US says Palestinian state should come via talks, not unilateral recognition

By Nandita Bose and Trevor Hunnicutt

WASHINGTON (Reuters) -U.S. President Joe Biden believes a Palestinian state should be achieved through negotiations, not unilateral recognition, the White House said on Wednesday after Ireland, Spain and Norway said they would recognize a Palestinian state this month.

Washington's reaction appeared to signal U.S. dismay that the three European nations announced an intent to proceed with unilateral recognition of a Palestinian state, which does not exist in practice.

White House national security adviser Jake Sullivan told a regular news briefing each country could make its own decision on recognition of a Palestinian state, but that Biden thinks direct negotiations by the parties is the best approach.

"President Biden believes that a two-state solution that guarantees Israel's security and also a future of dignity and security for the Palestinian people is the best way to bring about long-term security and stability for everyone in the region," Sullivan said.

"President Biden ... has been equally emphatic on the record that that two-state solution should be brought about through direct negotiations through the parties, not for unilateral recognition."

Sullivan had been asked if the United States was concerned that other nations might follow suit in recognizing a Palestinian state. He said the U.S. would communicate its consistent position to partners "see what unfolds."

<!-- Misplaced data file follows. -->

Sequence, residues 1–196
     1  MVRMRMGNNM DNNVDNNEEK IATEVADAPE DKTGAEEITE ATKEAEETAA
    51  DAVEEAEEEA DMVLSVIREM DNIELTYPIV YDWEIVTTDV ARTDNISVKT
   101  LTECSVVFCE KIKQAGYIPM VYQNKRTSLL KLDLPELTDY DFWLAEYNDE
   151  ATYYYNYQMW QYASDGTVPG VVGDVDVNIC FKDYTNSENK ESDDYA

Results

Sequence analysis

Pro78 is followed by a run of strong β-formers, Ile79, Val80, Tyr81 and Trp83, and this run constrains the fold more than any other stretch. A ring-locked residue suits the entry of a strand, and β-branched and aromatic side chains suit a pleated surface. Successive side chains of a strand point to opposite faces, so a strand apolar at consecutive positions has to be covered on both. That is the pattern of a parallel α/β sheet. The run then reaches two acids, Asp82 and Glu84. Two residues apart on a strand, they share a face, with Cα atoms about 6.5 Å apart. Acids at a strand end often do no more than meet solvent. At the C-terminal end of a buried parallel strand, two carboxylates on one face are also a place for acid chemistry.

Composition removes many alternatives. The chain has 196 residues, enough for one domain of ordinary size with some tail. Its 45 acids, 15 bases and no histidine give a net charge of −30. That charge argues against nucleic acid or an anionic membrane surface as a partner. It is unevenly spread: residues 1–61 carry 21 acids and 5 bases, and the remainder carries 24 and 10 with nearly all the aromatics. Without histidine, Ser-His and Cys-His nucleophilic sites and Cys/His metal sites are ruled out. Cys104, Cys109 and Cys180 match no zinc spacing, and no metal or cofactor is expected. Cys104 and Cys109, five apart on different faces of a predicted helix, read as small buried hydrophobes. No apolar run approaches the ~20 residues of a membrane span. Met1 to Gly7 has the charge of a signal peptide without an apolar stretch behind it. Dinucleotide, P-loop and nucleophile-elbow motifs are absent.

WAR IN GAZA

Decades of U.S. efforts have failed to achieve a "two-state solution" with Israel living alongside a Palestinian state encompassing the West Bank, ruled by the Palestinian Authority (PA), and Gaza, ruled by the Hamas Islamist movement since it seized the coastal strip from the PA in a brief 2007 civil war.

Israel began an offensive in Gaza after Hamas-led gunmen attacked Israel on Oct. 7, killing 1,200 people and taking 253 hostages, according to Israeli figures.

More than 35,000 Palestinians have been killed in Gaza since then, health officials in the Hamas-run enclave say.

Israel is now attacking Rafah in southern Gaza, saying it wants to root out Hamas militants. Hundreds of thousands of Palestinians have fled Rafah since the start of the assault, and the main access routes for aid into Gaza have been blocked.

Sullivan said he was briefed on Israeli plans to minimize civilian harm in Rafah during a weekend visit to the region, and Washington will track whether the assault causes widespread death and destruction or is more precise and proportional.

"We now have to see what unfolds from here," he said.

He said aid was flowing in from a pier in Gaza, and that it was wrong for Israel to withhold funds from the West Bank.

The Biden administration also hopes to broker an arrangement leading Saudi Arabia and Israel to normalize relations. As part of that process, Saudi Arabia has demanded the Gaza conflict end and a path to a Palestinian state, something Israeli Prime Minister Benjamin Netanyahu would be likely to find hard to accept.

(Reporting by Trevor Hunnicutt, Nandita Bose and David Brunnstrom; Writing by Doina Chiacu, Arshad Mohammed and David Brunnstrom; Editing by Emelia Sithole-Matarise)